While the absence of an add operation might seem strange, it stems from constraints that emerge in paraglob’s implementation. Adding a pattern to a paraglob that is already compiled requires that the paraglob be re-compiled because the Aho-Corasick tree has to be rebuilt. As a result, adding a pattern to a compiled paraglob takes the same amount of time as building a new paraglob from a vector of patterns.

While it seems reasonable that paraglob support both add and compile operations to get around this, I thought this was more likely to confuse than to provide much real benefit. People using paraglob without knowing about its performance characteristics might attempt to add to the paraglob in a loop or forget to compile it resulting in unexpectedly slow performance or errors.

With that said though, I certainly see an argument for extending the paraglob API to include add and compile operations. For use cases where there is an updating pattern set it would remove the need to keep track of a vector of patterns and a paraglob because the paraglob would maintain the vector of patterns itself. Under the hood paraglob already supports add and compile operations so adding those to Zeek would be as simple as extending ParaglobVal slightly and adding two functions to bro.bif.

Next Steps

A paraglob’s state is defined completely by the patterns inside of it. Paraglobs hold no internal state between calls, nor do they make any updates to their internal Aho-Corasick structure unless a new pattern is added. Presently, their serialization function takes advantage of this and only serializes the vector of patterns contained inside a paraglob. For unserializing, a new paraglob is built from that serialized vector of patterns, and its Aho-Corasick structure is recompiled. This recompilation is expensive though, and can take as long as 10 seconds for very long pattern sets.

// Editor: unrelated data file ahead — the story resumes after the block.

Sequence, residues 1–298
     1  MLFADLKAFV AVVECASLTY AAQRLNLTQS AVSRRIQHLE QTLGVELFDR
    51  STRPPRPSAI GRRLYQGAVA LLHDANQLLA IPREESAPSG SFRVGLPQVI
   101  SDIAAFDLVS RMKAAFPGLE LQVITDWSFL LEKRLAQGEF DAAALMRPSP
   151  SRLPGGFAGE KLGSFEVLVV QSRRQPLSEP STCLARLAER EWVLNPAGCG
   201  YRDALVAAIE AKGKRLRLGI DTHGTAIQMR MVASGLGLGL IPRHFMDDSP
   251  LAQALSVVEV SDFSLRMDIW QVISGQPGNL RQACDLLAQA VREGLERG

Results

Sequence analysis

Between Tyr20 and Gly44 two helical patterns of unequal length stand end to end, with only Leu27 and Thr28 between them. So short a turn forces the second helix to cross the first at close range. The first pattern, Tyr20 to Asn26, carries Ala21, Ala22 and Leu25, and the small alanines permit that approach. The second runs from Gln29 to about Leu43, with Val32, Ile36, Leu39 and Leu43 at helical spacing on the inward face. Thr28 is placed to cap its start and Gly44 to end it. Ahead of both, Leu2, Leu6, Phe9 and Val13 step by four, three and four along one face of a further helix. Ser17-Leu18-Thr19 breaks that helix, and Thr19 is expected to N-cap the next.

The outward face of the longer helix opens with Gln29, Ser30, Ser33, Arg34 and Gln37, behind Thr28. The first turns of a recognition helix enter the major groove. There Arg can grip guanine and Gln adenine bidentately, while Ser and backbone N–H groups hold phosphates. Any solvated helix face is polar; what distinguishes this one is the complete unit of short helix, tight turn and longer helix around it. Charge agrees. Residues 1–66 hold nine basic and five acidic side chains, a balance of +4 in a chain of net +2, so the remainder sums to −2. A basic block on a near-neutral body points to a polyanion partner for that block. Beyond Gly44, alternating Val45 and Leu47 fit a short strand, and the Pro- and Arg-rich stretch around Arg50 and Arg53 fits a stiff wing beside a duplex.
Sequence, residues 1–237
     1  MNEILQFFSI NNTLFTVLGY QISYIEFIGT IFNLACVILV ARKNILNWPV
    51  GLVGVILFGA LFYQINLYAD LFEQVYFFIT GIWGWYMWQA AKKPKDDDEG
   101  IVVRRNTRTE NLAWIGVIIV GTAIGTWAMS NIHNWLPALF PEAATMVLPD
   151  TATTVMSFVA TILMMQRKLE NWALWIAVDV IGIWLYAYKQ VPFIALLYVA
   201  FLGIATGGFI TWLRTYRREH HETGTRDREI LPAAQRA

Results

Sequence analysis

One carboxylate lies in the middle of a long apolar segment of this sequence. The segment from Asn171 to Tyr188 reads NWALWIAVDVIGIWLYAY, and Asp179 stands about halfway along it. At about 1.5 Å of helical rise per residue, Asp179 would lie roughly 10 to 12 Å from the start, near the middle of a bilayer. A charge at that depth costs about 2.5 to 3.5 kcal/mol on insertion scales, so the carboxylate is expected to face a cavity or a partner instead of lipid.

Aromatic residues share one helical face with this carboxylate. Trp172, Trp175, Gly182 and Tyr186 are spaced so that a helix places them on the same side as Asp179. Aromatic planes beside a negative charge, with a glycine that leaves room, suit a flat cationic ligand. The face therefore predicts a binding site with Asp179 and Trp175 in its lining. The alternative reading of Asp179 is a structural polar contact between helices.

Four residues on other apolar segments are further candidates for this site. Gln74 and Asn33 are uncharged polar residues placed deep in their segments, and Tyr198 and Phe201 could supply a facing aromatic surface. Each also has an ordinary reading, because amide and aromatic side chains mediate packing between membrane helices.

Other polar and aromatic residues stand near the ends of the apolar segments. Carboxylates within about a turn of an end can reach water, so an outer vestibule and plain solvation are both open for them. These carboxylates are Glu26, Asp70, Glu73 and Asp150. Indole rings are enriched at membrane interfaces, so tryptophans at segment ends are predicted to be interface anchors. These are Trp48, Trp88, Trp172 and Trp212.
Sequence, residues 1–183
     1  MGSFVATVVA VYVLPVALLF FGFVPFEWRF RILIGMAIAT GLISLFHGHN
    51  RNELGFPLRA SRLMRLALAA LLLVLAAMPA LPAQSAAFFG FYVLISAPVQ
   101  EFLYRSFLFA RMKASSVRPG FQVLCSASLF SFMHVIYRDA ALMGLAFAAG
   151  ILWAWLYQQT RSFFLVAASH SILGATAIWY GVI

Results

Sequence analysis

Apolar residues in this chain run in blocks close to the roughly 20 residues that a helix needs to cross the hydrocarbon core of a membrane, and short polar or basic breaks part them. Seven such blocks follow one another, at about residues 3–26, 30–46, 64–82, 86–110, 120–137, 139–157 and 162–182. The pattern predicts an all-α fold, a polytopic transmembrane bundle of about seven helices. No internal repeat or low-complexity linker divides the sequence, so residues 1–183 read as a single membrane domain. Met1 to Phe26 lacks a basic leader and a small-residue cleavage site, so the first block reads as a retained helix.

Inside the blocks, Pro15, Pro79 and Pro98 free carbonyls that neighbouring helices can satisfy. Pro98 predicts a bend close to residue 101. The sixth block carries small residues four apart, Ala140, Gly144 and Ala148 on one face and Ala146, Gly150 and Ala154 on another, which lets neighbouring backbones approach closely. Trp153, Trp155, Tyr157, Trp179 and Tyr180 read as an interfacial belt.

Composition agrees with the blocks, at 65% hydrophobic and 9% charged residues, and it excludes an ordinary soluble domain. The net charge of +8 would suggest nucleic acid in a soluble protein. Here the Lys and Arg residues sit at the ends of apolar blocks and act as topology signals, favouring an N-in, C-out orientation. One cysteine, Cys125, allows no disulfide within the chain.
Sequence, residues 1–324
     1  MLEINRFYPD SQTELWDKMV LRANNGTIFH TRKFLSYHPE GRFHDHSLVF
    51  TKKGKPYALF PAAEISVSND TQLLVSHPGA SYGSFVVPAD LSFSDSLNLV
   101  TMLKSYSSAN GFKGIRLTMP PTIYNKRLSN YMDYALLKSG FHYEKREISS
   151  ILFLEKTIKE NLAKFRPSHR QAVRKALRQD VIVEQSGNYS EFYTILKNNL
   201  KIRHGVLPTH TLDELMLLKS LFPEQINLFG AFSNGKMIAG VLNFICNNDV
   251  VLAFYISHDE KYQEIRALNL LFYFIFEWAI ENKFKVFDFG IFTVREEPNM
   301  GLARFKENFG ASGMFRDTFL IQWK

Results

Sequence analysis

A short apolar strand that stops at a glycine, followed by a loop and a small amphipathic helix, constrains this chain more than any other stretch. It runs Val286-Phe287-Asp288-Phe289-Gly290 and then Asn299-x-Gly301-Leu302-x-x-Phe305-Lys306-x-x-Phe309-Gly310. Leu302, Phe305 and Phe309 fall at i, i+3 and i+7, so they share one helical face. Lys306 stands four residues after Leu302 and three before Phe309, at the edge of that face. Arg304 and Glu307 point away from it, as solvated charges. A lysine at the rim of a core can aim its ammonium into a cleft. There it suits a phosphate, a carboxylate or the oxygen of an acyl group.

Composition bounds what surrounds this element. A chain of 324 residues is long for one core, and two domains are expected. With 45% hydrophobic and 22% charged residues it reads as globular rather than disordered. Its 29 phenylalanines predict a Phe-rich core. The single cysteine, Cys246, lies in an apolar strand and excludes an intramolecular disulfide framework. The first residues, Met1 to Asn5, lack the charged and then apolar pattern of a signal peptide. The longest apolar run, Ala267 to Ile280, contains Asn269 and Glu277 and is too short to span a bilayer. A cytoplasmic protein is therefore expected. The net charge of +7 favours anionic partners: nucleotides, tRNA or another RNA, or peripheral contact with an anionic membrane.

Ideally, a paraglob could be serialized in such a way that the recompilation step is not needed. There exists some serialization code inside of the Boost C++ Libraries that might be useful in doing this, but due to how complicated the Aho-Corasick trie becomes when it contains a fair amount of patterns, serializing this would likely take a significant effort. Working out a clean way to serialize a Paraglob properly though would potentially result in a serious increase in its usefulness for distributing frequently changing pattern sets


A huge thank you to Kamiar Kanani for his excellent Multifast Aho-Corasick implementation, which he allowed us to use under the BSD license for the Zeek project. Without such a well done string searching algorithm underpinning everything this would have been a much more difficult data structure to implement.

Contributed by: Zeke MedleyWebsite